Introduction of Can Welding Damage Your Eyes?
Welding can affect your eyes in a bad way if done without wearing proper safety equipment. Fumes and flying metal sparks caused during welding excessively damage your eyesight and even lead to cataracts. Welding produces UV and IR radiations, and long-term exposure to these radiations seems to impact your eye health negatively.
As long as you have worn proper and advanced safety gear, none of the UV and IR radiations, fumes, and flying metal sparks will damage your eyes. Below you can see further details regarding how far welding can harm your eyes:
- Introduction of Can Welding Damage Your Eyes?
- Does welding damage your eyes?
- What kind of welding activities damage your eyes?
Does welding damage your eyes?
Yes, welding hurts your eyes. Exposure to infrared light, UV and IR radiations, and even constant contact with metal sparks and fumes hurt the welder’s eyes. These radiations and sparks excessively heat the eye’s lens and ultimately lead to cataracts.
Furthermore, the light produced during welding seems very bright and tends to overwhelm and harm the iris’s ability. Constant interaction with the visible light during welding limits the brightness reaching the retina. Welders have complained of getting eye burns. This generally happens when you weld at night and remain exposed to direct and indirect flashes.
Eye problems associated with welding
We have listed a few of the eye problems that you might encounter due to welding:
In this condition, your eyes burn heavily, and this medical problem remains commonly spotted among welders. You can call it sunburn of the cornea. Though the damage brought by this condition seems not permanent, the pain is tough to tolerate. Thus, UV rays burn corneas and lead to various short-term eye problems.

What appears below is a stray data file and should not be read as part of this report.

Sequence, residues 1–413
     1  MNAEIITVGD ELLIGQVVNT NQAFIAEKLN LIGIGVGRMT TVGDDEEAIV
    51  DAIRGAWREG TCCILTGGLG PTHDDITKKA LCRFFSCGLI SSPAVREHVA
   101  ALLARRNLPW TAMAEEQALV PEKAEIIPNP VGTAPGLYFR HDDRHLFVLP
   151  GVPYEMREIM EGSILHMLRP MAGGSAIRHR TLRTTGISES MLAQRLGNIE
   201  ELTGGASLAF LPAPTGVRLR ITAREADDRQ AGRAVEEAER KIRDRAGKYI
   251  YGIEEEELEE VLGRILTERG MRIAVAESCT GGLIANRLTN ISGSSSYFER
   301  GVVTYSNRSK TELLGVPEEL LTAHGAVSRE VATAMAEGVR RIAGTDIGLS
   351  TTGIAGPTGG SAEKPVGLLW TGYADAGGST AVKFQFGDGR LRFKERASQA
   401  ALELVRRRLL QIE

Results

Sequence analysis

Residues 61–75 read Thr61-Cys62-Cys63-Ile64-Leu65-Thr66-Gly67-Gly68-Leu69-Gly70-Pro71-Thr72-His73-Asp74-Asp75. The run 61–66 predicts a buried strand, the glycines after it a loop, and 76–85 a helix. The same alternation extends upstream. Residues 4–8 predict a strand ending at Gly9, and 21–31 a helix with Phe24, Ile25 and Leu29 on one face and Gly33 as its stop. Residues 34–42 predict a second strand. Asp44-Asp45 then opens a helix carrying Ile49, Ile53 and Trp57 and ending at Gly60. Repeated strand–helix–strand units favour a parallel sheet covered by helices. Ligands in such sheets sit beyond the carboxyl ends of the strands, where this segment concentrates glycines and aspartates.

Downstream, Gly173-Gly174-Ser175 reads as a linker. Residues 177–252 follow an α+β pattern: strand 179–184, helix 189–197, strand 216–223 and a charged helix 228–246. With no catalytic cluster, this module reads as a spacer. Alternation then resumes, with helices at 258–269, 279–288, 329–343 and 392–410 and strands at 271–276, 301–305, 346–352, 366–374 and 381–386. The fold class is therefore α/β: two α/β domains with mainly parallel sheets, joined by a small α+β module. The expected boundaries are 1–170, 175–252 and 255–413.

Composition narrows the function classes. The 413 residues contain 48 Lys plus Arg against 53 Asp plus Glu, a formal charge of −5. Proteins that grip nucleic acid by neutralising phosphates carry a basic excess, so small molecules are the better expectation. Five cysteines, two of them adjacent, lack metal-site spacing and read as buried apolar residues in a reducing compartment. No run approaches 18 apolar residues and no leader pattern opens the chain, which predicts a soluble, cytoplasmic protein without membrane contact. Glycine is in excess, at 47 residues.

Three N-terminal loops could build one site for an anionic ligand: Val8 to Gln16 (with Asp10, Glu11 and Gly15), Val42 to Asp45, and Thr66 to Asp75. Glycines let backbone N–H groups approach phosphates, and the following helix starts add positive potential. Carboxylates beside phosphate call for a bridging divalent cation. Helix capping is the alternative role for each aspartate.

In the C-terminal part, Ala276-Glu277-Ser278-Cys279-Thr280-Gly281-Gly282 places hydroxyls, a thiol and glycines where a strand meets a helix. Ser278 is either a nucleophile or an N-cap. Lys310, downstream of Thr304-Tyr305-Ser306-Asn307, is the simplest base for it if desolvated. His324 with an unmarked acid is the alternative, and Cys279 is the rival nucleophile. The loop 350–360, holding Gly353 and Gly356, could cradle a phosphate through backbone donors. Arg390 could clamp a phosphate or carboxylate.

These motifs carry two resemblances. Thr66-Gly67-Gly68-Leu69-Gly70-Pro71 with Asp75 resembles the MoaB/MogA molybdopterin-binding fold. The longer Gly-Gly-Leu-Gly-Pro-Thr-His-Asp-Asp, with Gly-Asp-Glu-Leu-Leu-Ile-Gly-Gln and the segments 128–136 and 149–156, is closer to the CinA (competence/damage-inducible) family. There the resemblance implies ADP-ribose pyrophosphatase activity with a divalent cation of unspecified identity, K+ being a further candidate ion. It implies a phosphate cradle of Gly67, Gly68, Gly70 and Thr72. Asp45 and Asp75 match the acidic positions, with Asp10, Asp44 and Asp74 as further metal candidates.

Pterygium is another eye problem in which welders are heavily targeted. Unprotected contact with UV and IR rays causes Pterygium. At times, this eye problem is given the name of “surfer’s eye.” You will witness an abnormal growth right there on the eye’s surface and near the nose corner.
Furthermore, the affected person notices a lot of swelling and irritation. You will encounter other corneal problems, and your vision will be negatively affected. It is recommended to go for surgery as soon as possible.
Cataracts cause vision loss, and people over 40, especially welders, have been the common target of this condition. In this condition, progressive clouding appears on the eyes’ lenses. Treating this condition on time remains a must. And if untreated, it will lead to reversible blindness. According to experts, many cataract cases happen due to prolonged contact with UV and IR radiation.
Age-Related Macular Degeneration
AMD, abbreviated as Age-related macular, is a vision loss problem that welders usually get! High UV exposure remains strongly associated with AMD. Most importantly, UV radiation injects photooxidative stress into the retina, leading to AMD problems. Early detection and on-time treatment can help you slow down vision loss.